A REVIEW OF CURRENT NURSING PRACTICE AND EVIDENCE-BASED GUIDELINES IN ENTERAL NUTRITION IN THE CRITICALLY ILL PATIENT

Mahmoud Al kalaldeh, Roger Watson, Mark Hayter

Abstract


Objectives: to provide an overview of evidence-based guidelines regarding some clinical practices related to enteral nutrition along with nursing adherence to these guidelines in the critically ill. Background: evidence-based guidelines for enteral nutrition curtailing the incidence of complications through managing gastric residual volumes, minimizing feeding interruption/under-feeding, confirming tube placement and preventing feeding system contamination. Design: an integrative literature review was employed to include various quantitative methodologies; however, RCTs predominated. Methods: electronic searching of CINAHL, Medline and Cochrane Library databases between 1995- 2011. Of 599 retrieved studies, 87 were included in the review. Results: The studies showed an inadequacy in nursing adherence to enteral nutrition evidence-based. Gastric residual volume should be strictly controlled using prokinetic agents, appropriate head of bed elevation and proper endo-tracheal tube cuff pressure. Feeding interruption should be avoided whenever is possible and an intentional increase to feeding rates/volumes are recommended to avoid under-feeding. X-ray and pH methods of confirming tube placement are more reliable and superior to capnometry and auscultatory methods. Feeding system hanging time should not exceed four consecutive days to prevent infection by endogenous source in addition to delivering formulae at closer body core temperature. Conclusion: evidence-based protocols should be employed effectively and consistently to eradicate discrepancies in nursing practice. Relevance to clinical practice: this paper highlights nursing role in prohibiting the majority of enteral nutrition complications through adhering to evidence-based guidelines.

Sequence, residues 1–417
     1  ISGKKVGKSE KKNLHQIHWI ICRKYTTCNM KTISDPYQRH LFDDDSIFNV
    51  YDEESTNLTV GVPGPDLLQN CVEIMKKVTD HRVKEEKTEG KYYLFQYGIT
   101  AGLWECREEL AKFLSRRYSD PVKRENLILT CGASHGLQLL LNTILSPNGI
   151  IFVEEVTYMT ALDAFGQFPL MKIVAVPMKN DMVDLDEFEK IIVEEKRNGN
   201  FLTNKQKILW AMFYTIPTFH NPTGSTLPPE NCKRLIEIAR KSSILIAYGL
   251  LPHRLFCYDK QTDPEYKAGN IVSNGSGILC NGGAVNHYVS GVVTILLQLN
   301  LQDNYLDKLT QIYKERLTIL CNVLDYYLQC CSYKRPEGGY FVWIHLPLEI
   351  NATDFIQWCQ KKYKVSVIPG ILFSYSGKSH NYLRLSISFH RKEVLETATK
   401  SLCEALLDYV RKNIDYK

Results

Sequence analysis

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European Scientific Journal (ESJ)

 

ISSN: 1857-7881 (Print)
ISSN: 1857-7431 (Online)

 

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